- -RayProject – This is an instance where the need for a node exceeds the performance limitations it brings. Sometimes a particular type of deformation is art directed and that limits the options available to you. Potential R&D would be looking into Maya’s shrinkWrap node to see if it yields the same result and/or better performance.
- -Peak node- This was a node used in the arms/limbs setup that would allow for rounded/stretchy/cartoony elbows on the fly. In hindsight after completing previous projects, it is clear that this setup was not ideal and we should take this back to the drawing board. Our bad. Looking back and seeing where one has come up short is sometimes more important than patting ourselves on the back for a job well done.
Even with being more calculated in our node adjustments as we were above, we still have the problem of too much going on at any one time. And having different LOD’s that the Animators can toggle between is closer to an ideal setup but they shouldn’t all exist in the rig simultaneously.
This. Sometimes the simplest answer, is the last one to dawn on you.
But we shouldn’t attempt to maintain 3 different versions of the rig, right? A Lo, Mid, and Hi? Yes and no.
The adjustment to our workflow we need to make is simply adding an additional step after rig assembly or a publishing tool. This will assess the number of LOD’s in the rig, and save out a version of the rig with only that LOD available, deleting the additional ones as we go.
- Rig_hi – This is the final version of the rig that will make it to shading and lighting. This version has all of the bells and whistles needed to achieve the most ideal level of deformation time allowed. Plugins, complex deformers, etc. 95% – 100% of final animation.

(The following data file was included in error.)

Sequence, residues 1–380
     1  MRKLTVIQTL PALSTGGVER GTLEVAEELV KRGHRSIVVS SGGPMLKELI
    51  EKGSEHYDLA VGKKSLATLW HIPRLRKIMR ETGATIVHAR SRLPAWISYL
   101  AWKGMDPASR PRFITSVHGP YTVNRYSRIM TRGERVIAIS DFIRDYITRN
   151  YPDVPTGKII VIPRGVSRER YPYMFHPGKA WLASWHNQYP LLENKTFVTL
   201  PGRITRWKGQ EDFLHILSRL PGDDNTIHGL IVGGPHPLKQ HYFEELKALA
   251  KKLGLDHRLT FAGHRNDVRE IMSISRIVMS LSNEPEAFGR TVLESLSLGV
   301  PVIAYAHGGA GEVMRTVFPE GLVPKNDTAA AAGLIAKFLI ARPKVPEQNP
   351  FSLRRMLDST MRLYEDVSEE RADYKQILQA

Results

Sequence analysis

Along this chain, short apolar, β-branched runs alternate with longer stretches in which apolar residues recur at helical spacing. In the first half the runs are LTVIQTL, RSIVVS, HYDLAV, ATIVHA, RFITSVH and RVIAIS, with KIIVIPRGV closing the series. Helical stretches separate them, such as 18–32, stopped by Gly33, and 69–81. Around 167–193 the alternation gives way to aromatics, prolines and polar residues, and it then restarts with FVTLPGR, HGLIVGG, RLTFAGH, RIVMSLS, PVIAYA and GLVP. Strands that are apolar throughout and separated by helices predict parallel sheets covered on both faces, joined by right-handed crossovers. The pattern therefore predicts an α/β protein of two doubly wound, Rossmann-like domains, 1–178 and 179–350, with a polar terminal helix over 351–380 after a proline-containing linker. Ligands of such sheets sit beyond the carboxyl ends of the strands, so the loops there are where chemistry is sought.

- Rig_mid – In this version we have the same geometry as in the Rig_hi but everything is limited to skin clusters. This will allow the Animators a very close approximation of final performance without the heavy performance hit.
- Rig_lo – Or proxy version. This will have simplified geometry that holds silhouette but yields best performance. Depending on the density in geometry we would either go with skinning, parenting, or constraining. Make sure to assess the pieces of geometry so you do not have too many constraint nodes.
Along with all of this comes a tool that will replace the current LOD based on what is available. This will give the Animators the ability to toggle rigs/LOD as necessary.
Maya 2016 and the list of performance improvements that we get for FREE!
That was easy.
No seriously. Parallel evaluation and gpu override have such particular use cases that in all practicality it would limit what a rig can achieve if you tried to use only deformers that are currently supported by Maya. I am sure this will change as Autodesk gets to updating their vanilla deformers and as 3rd party developers begin to support parallel eval. But out of the box, performance boosts will be few and far between.
One example is the inability to achieve gpu override when using follicles, wraps, or anything that depends on a mesh to determine its own evaluation.
Elsewhere! One set of plugins that we employ in our rigs comes from SOuP, Peter Shipkov.
Specific nodes include:
- Morph – A multi threaded blendshape node on steroids, you can choose the number of cores used while this deformer chugs away on hundreds of target shapes or more.
- Retarget – A faster wrap deformer with features exceeding what you get in the vanilla version.
- gpu & interactive caching node – Bread and butter. With the gpu version of this node, it skips a number of linear DG evaluations that Maya is often bottlenecked with when deforming geometry. The gpu also draws right into the viewport. After drawing, it then caches the frame information and continues to display that cache unless something in the rig changes and then the gpu will evaluate only on that frame. Something like this can help turn out an appreciable performance increase in a lot of situations so feel free to explore.